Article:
Ethan Bilbrey, MDiv student
The one-week intensives have been the highlight of my HST experience. As a distance learning student from the frontiers of Montana, I always look forward to this week of being immersed in a single course. I love the opportunity to be focused solely on one thing for an entire week, removed from all the distractions and duties of daily life. I love being on campus where I am inspired by the learning environment to be open to knowledge and scholarship. I love having access to the vast theological library as well as the professors. And I love getting to know the other students and hearing their stories of ministry back home. There is no other experience like it.
Randy Hohf, MACM student
Posted in Across the Bridge
August 26, 2014 | Written by Matt Carter
Dr. Allen Black spoke to our assembled students, faculty, staff, families, and guests for convocation for the 2014-2015. Our theme for the year is “A Life of Prayer”, and Dr. Black’s lesson was “Devoted to Prayer: The Life of Prayer in Luke-Acts”.
Dr. Huffard’s Introduction:
Dr. Black’s Presentation:
Steven Gaines’ Comments:
Posted in Media
August 7, 2014 | Written by Matt Carter
Dr. Allen Black is the speaker for convocation, which will be August 25th at 7:00 in the auditorium. Convocation is the official gathering to begin the academic year at HST®. Convocation focuses on the annual theme, which for 2014-2015 is “A Life of Prayer”. Dr. Black’s presentation is “Devoted to Prayer: The Life of Prayer in Luke-Acts”. This event is free and open to the public.
Dr. Black (Ph.D., Emory University) is professor of New Testament at HST and has been on faculty for 30 years. He teaches the Gospels, Peter’s epistles, and Hebrews, as well as Greek language courses and Advanced New Testament Exegesis. His recent areas of research include family issues in the New Testament such as marriage and divorce and same sex attraction.
Dr. Black loves to spend time with his wife, daughters, and grandchildren, and to play racquetball.
July 29, 2014 | Written by Matt Carter
Kok Bin Ong and Guadalupe Mayo on campus this fall
Kok Bin Ong and his wife Esther are the 2014 recipients of the Hogan-Cate Asian Missions grant. They come from the Church of Christ in Seremban, Malaysia where he has preached since 1988. They come with a wealth of ministry experience and are highly respected as great servants of God. They have three grown children. This sabbatical will give him an opportunity to “recharge his batteries” in a context where he can enjoy fellowship, have access to a great library, audit several classes and do some writing.
Guadalupe Mayo is the recipient of the 2014 Latin American Missions grant. He has a degree in Industrial Psychology and is a 2006 graduate of Baxter Institute in Honduras. He has been the director of the education program at the Kennedy Church of Christ in Tegucigalpa since 2005 and Director of Practical Ministry and Student Life at Baxter Institute since 2007. Lenin Munguia, a recent graduate of HST, says “he works tirelessly on behalf of the cause of Christ.” He is here to see what it would take to start a counseling program to address the spiritual and emotional needs of brothers and sisters in his community; to gain new perspectives for his ministry; and be an advocate for Latin American missions. His wife, Patti, is in the last year of medical school, and could not join him. They have a 2-year old son, Isai.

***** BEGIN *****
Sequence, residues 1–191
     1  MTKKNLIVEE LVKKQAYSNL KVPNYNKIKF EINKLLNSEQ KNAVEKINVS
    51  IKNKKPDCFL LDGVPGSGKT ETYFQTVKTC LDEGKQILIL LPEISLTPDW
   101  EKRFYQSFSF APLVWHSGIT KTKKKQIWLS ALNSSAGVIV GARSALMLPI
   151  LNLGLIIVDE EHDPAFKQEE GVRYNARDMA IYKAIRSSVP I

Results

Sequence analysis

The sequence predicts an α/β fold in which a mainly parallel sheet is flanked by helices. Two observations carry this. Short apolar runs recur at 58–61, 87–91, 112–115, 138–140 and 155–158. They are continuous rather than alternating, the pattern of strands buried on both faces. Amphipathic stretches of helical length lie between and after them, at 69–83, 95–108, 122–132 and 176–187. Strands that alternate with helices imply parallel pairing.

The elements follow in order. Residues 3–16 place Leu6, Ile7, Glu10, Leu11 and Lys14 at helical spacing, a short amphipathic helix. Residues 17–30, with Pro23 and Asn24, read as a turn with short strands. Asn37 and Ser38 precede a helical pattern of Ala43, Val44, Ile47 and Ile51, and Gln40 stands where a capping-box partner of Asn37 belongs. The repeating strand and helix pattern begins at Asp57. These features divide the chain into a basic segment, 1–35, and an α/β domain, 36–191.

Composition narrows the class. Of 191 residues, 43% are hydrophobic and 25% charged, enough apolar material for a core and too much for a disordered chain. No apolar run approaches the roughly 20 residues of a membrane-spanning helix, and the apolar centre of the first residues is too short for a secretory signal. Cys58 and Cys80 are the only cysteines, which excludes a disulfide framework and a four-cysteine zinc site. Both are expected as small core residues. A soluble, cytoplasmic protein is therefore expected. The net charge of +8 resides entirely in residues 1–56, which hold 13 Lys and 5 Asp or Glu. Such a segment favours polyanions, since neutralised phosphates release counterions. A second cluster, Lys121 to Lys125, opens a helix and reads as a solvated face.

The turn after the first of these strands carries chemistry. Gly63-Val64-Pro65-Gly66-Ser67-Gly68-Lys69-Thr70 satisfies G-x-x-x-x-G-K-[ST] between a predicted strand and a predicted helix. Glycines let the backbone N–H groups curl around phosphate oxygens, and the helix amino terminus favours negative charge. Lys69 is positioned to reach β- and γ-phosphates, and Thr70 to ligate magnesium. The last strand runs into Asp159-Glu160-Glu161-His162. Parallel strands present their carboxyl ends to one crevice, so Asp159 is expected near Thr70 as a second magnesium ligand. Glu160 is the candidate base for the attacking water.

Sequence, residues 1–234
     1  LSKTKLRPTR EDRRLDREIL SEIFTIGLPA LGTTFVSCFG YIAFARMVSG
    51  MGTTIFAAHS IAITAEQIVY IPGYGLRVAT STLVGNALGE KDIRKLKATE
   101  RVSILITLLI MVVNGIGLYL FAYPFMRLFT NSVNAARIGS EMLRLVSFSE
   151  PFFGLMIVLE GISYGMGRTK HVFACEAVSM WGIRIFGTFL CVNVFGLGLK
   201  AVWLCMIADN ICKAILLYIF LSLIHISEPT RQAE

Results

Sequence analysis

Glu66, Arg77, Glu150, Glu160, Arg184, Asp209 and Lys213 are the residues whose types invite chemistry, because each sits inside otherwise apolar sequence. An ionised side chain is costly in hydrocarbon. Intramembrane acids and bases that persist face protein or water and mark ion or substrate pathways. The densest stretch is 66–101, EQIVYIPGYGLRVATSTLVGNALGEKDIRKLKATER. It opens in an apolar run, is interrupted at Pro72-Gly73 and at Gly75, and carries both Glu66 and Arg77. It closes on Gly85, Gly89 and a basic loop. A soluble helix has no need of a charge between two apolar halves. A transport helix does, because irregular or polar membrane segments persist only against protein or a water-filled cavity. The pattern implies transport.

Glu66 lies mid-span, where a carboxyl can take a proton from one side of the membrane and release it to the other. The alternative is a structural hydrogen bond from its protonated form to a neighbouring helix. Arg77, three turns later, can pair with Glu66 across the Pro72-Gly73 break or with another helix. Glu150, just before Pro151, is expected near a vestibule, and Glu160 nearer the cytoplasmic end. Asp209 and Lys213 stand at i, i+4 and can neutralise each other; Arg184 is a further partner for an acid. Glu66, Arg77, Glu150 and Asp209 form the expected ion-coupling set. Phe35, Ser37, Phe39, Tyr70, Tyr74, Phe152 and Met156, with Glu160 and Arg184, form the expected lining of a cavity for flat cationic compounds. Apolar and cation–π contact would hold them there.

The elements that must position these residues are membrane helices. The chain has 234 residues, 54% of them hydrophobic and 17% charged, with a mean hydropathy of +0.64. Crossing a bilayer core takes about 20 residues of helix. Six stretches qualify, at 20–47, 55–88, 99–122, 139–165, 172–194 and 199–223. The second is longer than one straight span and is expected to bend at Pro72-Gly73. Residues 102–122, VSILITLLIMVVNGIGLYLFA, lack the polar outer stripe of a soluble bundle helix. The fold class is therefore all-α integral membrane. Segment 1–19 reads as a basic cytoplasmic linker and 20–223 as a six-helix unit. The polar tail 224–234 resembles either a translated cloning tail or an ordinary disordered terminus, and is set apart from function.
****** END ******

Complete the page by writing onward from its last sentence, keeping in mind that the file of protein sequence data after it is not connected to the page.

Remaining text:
July 23, 2014 | Written by Matt Carter
HST is offering two valuable church audit courses for Fall 2014. Church audit courses are one way that HST serves local churches. This program blesses congregations which support the school with at least $1200/year ($100/month). Members of these congregations may audit select courses each semester for $25 per course. That’s right – members of these supporting churches can attend the same graduate courses as credit students and learn from world class professors for next to nothing!
An auditor takes a course, but does not receive credit. Some auditors will read all of the assigned texts and even take the exams, others will simply come to the class meetings to hear the lectures.
Monday, 6-8:45 pm, August 18 – December 8.
This course provides an introduction to historical, biblical, and cultural aspects of worldwide evangelism, with the purposes of both preparing individuals for service as missionaries and assisting sending churches in their tasks. This includes a survey of principles, methods and practical aspects of developing and maintaining a missions ministry in a local church. Recommended especially for missions committee members.
Tuesday, 6:00 – 8:45, August 19 – December 9.
This course involves students in the exegesis of the English text of the Gospel of John, with emphasis on major theological themes of John’s account of Jesus’ ministry and death.
How do I participate?
To help your congregation join this program, contact the Advancement Office at HSTadvancement@hst.edu or by calling 901-761-1355.
Click here to register for a course.